In a past life, I studied architecture and urban design at the University of Washington in Seattle. Some of these projects were part of that graduate program, while others were pursued on the side or predated it. Some have been built, and others were theoretical from start to finish. This is a sampling of works from various studios and contexts during that period (with the exception of these first few pencil, charcoal and pen drawings done as an undergraduate in philosophy at Carleton College).
Natural Systems Swimming Pool [Winter 2005]: This public pool project was designed for one of the many parks found throughout Seattle. Its primary goal was to engage with surrounding environments, from the level of individual swimmer experiences to larger sustainable scales. The proposal involved passive heating, cooling and ventilation systems as well as other green building strategies, and a minimalist structural framework to enhance the visual connection of the exterior forest and interior space.
Sustainable Urban Art High School [Spring 2006]: Sited in the center of downtown Seattle, this project engaged both the external urban environment and internal creative spaces. A layered approach combined with a living wall established a transitional bridge for students as they spiraled up into the building into community-oriented programmatic zones and away from the surrounding city, only to encounter it again along the edges of each studio space on the upper floors. (Click to Enlarge)
Solid Wood Mahogany Desk [Summer 2006]: Crafted from a single raw piece of ribboned Honduras Mahogany, as much time was spent calculating the best way to divide the precious wood as was put into the cutting and construction of the final furniture piece. The resulting desk deals with solid-wood issues such as seasonal expansion and contraction, combining modern style and traditional construction techniques. It features a floating top, single sliding drawer and recessed footrest.
Temple of Light Memorial [Fall 2006]: A memorial to victims of a tragic shooting that took place in Seattle, this temple posed a unique set of difficulties at all stages of its design. First, it was ultimately a community project – the solution was not about designer ambition or personal opinion. It evolved in response to the needs of the bereaved, including friends and family. Second, the structure was seven sided (with one side for each victim) – this asymmetry made the creation of plans, sections and the final itself object more difficult. Controversially, one of the sides was left ambiguous, for self-reflection or for the shooter, arguably a victim himself. After being displayed at Seattle Center, the piece was deconstructed (by design) and moved to the Black Rock Desert. It was then erected again and burned at an annual arts festival in Black rock City which a number of the deceased had visited annually. (Click to Enlarge)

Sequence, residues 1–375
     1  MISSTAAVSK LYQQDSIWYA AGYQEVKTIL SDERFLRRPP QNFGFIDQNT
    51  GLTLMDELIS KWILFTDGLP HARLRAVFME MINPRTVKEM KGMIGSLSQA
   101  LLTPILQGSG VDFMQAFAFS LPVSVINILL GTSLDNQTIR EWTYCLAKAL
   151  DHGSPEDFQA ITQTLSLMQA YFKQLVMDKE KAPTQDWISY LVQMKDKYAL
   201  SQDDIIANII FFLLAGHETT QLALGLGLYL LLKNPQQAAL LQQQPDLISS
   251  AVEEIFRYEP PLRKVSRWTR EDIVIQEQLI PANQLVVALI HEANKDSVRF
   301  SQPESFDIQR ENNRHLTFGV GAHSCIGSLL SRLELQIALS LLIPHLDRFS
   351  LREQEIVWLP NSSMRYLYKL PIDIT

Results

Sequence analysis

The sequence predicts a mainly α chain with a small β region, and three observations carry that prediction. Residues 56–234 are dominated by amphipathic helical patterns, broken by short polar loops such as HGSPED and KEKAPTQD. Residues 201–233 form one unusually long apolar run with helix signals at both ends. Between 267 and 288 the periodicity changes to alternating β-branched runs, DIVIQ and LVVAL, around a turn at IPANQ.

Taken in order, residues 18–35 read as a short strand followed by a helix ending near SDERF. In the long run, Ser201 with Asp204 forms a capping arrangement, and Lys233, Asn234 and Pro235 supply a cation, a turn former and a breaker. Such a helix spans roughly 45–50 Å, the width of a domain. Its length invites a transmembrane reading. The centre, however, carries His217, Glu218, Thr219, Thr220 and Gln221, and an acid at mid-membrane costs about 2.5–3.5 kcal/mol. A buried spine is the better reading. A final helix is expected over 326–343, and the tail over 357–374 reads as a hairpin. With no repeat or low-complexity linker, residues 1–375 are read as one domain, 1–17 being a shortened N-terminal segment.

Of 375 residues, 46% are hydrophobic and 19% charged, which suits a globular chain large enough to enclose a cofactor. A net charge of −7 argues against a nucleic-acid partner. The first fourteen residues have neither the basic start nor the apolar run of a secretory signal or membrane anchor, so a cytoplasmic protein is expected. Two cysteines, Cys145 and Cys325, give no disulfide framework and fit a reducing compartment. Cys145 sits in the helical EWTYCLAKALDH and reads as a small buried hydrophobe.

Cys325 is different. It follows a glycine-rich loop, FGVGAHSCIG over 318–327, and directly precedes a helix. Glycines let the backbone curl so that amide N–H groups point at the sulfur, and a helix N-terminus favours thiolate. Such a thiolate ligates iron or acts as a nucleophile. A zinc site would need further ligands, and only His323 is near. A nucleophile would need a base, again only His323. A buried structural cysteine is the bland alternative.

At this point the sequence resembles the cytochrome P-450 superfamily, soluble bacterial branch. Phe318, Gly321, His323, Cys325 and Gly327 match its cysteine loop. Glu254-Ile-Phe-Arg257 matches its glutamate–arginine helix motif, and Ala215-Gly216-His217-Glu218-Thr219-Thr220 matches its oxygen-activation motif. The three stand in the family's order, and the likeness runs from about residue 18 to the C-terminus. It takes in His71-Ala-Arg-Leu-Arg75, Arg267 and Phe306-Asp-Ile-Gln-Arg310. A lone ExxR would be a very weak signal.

Centerpark – A Redesign for Seattle Center [Fall 2006]: Part architecture, part urban design, and entirely audacious, this redesign addresses a puzzling space left over from Seattle’s long-past World’s Fair. The project re-envisioned the area as a place that could re-center the city, becoming more than the sum of its currently-disjointed parts. The solution combined new layers of vertical park space, transportation and civic interaction areas on upper levels in order to give new meaning to a central place left for to long to evolve without singular purpose or coherent meaning. (Click to Enlarge)
I still surprise myself whenever I do look back at any of this – it seems like I worked on these projects decades ago, not years. The further I get away from it, however, the more I realize how much value I got from these design-related experiences – including visual communication skills, researching and writing practice and an ongoing love of design challenges and those who face them.